Serve your poached pears

Serve the pears as is. Or make them the center piece and serve a small scoop of ice cream in the hollowed out halve pears. Or use the pears as a thinly sliced garnish on your big bowl of ice cream. You can toast nuts (pistachios, almonds) and cut mint into slivers as garnish (as I did for the picture). Boil down the poaching liquid until it is reduced till a thick syrup and garnish your plate with it. Just don’t forget to sieve first if you used whole spices. Serve them with whipped cream. Add the poached pears to your morning yogurt. With pancakes, in your grilled (blue) cheese, in a cake. I guess you get it.

When you look at a recipe, you want to learn to understand the anatomy of the dish, be able to break it down into its separate elements. This shows you what the essential elements are, and where you can go your own way. We call this playing with food.

chef Edie Dourleijn

The anatomy of a dish: poached pears

Getting ready to get into the kitchen? Let’s recap quickly. If we describe making poached pears in 1 sentence we can look back on how we described the second use for the cooking technique poaching: cooking fresh fruits in a sweet liquid.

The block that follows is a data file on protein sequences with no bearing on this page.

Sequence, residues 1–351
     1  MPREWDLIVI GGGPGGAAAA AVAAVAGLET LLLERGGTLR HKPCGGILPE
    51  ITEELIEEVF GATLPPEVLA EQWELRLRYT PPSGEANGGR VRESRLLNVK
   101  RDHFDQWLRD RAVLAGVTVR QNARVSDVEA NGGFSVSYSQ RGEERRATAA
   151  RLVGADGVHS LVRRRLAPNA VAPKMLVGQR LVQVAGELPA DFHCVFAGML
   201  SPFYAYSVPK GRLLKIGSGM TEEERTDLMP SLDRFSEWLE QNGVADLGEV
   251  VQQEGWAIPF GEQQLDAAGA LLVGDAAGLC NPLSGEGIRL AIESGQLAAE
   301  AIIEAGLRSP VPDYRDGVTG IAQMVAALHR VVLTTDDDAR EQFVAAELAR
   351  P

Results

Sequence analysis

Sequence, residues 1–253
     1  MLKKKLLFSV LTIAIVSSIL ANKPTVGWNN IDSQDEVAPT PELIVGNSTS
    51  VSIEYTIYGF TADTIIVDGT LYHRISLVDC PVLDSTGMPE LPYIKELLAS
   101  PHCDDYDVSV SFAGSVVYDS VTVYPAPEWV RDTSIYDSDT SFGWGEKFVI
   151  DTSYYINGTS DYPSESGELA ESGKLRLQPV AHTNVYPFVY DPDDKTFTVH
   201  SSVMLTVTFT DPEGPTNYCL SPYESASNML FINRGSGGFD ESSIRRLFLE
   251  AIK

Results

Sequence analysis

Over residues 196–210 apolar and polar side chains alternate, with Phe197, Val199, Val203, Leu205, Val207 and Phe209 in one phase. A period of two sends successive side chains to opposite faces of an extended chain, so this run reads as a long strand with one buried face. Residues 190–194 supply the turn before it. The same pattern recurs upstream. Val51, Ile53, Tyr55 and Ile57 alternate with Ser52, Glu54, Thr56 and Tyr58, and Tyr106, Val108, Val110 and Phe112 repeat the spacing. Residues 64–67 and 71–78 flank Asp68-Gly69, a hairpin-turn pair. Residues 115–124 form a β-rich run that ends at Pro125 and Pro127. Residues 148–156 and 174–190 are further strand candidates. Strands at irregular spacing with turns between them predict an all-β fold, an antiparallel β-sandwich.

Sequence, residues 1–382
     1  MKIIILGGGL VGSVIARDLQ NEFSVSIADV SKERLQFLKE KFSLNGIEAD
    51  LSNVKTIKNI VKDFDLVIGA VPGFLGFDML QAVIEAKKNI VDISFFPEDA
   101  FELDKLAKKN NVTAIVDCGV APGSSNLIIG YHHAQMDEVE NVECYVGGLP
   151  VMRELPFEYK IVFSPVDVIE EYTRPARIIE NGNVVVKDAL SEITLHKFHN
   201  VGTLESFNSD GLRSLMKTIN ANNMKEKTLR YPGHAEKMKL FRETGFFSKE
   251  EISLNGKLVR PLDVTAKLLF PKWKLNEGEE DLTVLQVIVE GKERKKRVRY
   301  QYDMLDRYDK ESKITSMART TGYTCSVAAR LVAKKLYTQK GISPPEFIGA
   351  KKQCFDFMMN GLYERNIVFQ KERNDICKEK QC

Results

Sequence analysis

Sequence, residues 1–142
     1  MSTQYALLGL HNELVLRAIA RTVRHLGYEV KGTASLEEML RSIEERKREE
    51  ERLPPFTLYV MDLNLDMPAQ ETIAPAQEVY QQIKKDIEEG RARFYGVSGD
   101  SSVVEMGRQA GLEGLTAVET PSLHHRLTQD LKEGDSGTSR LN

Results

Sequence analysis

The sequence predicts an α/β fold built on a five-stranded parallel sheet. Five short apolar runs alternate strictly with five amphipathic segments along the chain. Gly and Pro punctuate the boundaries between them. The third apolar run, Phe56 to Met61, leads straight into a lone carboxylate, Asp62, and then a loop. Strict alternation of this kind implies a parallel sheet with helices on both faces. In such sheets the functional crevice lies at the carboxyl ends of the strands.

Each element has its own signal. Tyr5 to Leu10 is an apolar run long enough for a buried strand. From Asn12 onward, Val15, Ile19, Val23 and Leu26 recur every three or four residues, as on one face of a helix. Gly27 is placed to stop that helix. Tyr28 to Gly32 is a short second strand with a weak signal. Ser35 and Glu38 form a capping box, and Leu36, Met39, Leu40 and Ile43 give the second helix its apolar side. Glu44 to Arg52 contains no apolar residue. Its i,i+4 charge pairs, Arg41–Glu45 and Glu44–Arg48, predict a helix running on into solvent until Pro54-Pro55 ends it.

You need pears, a liquid and a sweetener as the bare minimum. But which and in what ratio, that’s up to you. And yes, the choices you make will influence the outcome. If you use wine instead of water, the pears will definitely take up all that wine flavor. You’ll get a milder taste if you only use (sweetened) water. If you keep the pears whole, the cooking time is longer. Etc.
In our classes we will teach you how to work with these differences so you understand what you are doing and why, so you can create a dish that works best for you. But you can always figure it out on your own.

People on our mailing list have received our downloadable synopsis of the above, and our favorite recipe for poached pears, including all our tips to alter our recipe to make it the way they like it. Sign up too and receive the pdf in your mailbox.


Or leave a comment below if you like our help creating your own poached pears recipe.